10 Questions With… Awais Khan

Hi everyone, and on the blog today I’m delighted to welcome crime writer Awais Khan.

Awais’ latest crime thriller No Honour is set to be an AMAZING book so I was really pleased when he agreed to answer some questions on his writing process and how he got his agent.

Over to you, Awais…

1) As a child, did you have a favourite author? Was there a turning point with a book that made you go ‘Wow!’

I loved reading Enid Blyton’s books as a child. I was a huge fan of the Secret Seven series and have read every single installment in the series. I think Harry Potter was what made me go ‘WOW’ as a child. What a book!

2) Did you enjoy English at school? What is your earliest no memory of writing?

I didn’t enjoy English until high school. Earlier, it was all about learning grammar and whatnot which I found very dry. Still, it helped build the foundation of my writing. In high school, I read books like Jane Eyre, North and South, Island of the Blue Dolphins etc and I loved it when the class teacher discussed and dissected the book. 3) For your latest novel No Honour, where did the basis of the idea emerge from?

No Honour took almost three years to write. The injustices being suffered by women in Pakistan have distressed and angered me for a very long time. There was a very high profile case of a celebrity being murdered for honour in Pakistan which got me into researching what exactly went on in rural Pakistan. What I found appalled me. That’s when I decided to write No Honour.

4) What was No Honour’s writing and editing process like?

Well, it took about three years to write. Initially, I wasn’t sure if I was the right person to be writing this story, but my agent, Annette Crossland, took one look at the first few chapters and urged me to finish writing it. I initially worked with Hazel Orme on polishing it, after which it was submitted to publishers. Karen Sullivan at Orenda Books took it on in October 2020 and within weeks sent me the first editorial notes. I worked with her on the book for a couple of months after which West Camel (editor at Orenda Books) took over and helped me polish it some more. Karen promised me when she took on the book that it was a powerful and hard hitting story, but with editing, it would become immense. And it has. She and West Camel are astute, experienced editors and when I read the final version, I almost cried. It really was immense.

5) Once you got your agent, what was the editing process like before pitching to publishers for your first novel? Was this different for No Honour?

I signed up with Annette Crossland in February 2017. I had been working on ‘In the Company of Strangers’ with Hazel Orme for over a year, so when Annette signed me on, there was very little editing that needed to be done. With No Honour, it was a bit different as I worked with my publisher for quite a bit of time to help make the book as perfect as it could be.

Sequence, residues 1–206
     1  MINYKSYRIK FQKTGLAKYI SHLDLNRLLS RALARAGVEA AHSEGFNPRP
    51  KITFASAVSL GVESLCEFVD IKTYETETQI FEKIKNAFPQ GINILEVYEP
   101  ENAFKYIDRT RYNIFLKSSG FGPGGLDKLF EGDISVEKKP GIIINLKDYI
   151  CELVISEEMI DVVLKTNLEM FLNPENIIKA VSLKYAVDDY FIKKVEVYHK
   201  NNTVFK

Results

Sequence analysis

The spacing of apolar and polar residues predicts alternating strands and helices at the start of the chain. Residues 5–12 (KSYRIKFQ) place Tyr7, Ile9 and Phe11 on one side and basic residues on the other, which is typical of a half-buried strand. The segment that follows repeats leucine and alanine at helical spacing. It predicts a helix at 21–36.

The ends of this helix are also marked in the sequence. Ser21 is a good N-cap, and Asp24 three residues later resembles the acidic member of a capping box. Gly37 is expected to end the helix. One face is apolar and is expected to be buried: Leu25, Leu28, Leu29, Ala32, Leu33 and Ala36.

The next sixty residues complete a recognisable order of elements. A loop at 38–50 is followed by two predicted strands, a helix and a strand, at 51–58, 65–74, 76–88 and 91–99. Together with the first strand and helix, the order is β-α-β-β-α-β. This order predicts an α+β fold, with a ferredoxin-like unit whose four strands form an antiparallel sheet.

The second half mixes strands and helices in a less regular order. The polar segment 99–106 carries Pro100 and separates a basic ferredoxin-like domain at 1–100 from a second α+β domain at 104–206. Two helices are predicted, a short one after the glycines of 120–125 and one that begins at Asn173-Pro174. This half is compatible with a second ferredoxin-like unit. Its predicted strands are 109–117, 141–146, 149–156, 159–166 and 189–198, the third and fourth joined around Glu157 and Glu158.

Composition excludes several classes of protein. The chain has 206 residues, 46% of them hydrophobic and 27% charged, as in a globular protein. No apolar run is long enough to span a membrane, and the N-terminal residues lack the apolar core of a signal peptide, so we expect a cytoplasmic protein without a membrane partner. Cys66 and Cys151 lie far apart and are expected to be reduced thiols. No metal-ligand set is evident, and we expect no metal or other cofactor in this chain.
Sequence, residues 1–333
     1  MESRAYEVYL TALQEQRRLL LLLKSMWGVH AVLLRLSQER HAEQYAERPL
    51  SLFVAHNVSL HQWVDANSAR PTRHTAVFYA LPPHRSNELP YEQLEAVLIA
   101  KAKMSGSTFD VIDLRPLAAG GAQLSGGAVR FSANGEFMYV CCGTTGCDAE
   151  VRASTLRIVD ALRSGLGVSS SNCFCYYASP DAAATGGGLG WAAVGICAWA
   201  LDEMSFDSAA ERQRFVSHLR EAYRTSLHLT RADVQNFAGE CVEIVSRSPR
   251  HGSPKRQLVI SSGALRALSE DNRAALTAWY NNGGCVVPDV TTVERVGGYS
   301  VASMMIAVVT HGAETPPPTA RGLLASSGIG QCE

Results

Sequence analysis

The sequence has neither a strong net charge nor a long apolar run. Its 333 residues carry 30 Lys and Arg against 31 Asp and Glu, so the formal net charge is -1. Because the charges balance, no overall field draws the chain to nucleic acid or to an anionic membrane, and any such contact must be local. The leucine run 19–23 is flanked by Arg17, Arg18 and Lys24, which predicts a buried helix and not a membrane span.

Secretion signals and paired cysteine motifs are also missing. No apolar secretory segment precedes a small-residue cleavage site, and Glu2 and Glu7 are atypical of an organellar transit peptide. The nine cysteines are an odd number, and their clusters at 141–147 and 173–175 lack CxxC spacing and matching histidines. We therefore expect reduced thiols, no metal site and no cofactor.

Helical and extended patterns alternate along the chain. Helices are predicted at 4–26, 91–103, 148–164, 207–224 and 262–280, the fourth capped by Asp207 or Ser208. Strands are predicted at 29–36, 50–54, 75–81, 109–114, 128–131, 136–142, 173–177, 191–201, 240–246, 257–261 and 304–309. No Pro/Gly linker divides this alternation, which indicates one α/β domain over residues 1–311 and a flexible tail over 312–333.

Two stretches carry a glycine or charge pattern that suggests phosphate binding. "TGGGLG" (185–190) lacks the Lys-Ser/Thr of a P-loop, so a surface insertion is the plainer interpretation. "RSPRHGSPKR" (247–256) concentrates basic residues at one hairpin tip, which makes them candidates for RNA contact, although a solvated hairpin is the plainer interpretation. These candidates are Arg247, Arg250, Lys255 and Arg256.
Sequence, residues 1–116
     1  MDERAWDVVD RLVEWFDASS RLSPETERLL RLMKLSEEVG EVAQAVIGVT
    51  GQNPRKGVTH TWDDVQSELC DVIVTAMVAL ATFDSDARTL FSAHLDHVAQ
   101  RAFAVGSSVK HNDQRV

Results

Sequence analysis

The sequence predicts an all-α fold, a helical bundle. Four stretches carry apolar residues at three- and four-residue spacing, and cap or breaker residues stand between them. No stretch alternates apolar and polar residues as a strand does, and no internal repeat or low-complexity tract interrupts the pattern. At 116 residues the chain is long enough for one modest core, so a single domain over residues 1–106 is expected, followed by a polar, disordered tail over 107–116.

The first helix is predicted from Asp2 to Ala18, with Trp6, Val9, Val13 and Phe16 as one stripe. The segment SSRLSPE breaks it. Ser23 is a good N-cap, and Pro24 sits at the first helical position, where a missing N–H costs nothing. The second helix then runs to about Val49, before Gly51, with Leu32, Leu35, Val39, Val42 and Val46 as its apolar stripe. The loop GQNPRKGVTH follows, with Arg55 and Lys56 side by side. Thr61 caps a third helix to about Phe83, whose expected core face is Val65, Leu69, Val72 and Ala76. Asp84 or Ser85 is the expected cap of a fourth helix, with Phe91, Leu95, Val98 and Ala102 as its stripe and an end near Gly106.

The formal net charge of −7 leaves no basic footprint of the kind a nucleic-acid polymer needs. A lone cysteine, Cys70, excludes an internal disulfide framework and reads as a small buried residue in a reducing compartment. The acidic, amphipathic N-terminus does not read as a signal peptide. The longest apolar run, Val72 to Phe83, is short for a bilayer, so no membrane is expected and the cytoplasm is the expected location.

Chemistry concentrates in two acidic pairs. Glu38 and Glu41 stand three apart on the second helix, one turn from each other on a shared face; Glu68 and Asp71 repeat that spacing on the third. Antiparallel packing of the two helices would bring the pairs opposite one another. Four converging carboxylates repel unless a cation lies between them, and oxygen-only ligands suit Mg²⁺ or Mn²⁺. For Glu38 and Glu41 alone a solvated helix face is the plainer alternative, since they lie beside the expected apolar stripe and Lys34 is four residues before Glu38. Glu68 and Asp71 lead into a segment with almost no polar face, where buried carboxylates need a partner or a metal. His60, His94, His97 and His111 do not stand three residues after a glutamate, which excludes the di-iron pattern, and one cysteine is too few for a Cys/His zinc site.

6) If you had to choose your favourite character from No Honour that you have written, which would it be and why?

I don’t want to give too much away, but I think Abida is definitely my favorite character in No Honour. When you read the book, you’ll realize why. Her defiance in the face of her small village’s age old customs is admirable as is her courage.

7) Can you name one author that you admire and why you like their style of writing?

I have to say that I am a huge fan of Faiqa Mansab, author of This House of Clay and Water. She is the kind of writer I aspire to be. Her prose is magical and when you read her book, you’ll see how she brings the city of Lahore alive for the reader. Her writing is a feast for the senses.

8) Did you find that you struggled to write during lockdown? How have you found writing during the pandemic?

I haven’t particularly struggled to write during the lockdown. I think having deadlines helps a lot, and I had several, first with my agent and then with my publisher. It really grounded me and helped me focus. Initially, it was a bit hard because I was very used to writing in cafes, but slowly I adapted.

9) What are you currently watching on television? Have your television habits changed throughout lockdown?

I am currently watching Snowpiercer and Mirzapur on television. I am enjoying both of these shows immensely. I have found that the pandemic has given me more time to watch television. I recently finished watching all ten seasons of Friends. Yes, I was a late convert.

10) What is your music taste like? Have you been missing live music in lockdown?

To be honest, I’ve never been a big fan of live music. I love Indian music from the 90s and early 2000s. I also love classic Pakistani and Indian songs. YouTube has been my friend during this lockdown!

Thank you for your time today Awais. It has been a pleasure to interview you and to find out about No Honour. I can’t WAIT to read it!!

Bio: Awais Khan is a graduate of the University of Western Ontario and Durham University. He is also an alum of Faber Academy. He is the Founding Director of the Writing Institute and has delivered lectures at Durham University, American University of Dubai, Canadian University of Dubai to name a few. He has appeared on BBC World Service, Dubai Eye, Voice of America, City42, Cambridge Radio, Samaa TV, Indus TV, PTV Home and several other radio and TV channels. His work has appeared in The Aleph Review, The Hindu, The Missing Slate etc.

He is the author of In the Company of Strangers (published by Simon & Schuster, The Book Guild and Isis Audio) and No Honour (published by Orenda Books in Summer 2021). He is represented by Annette Crossland.

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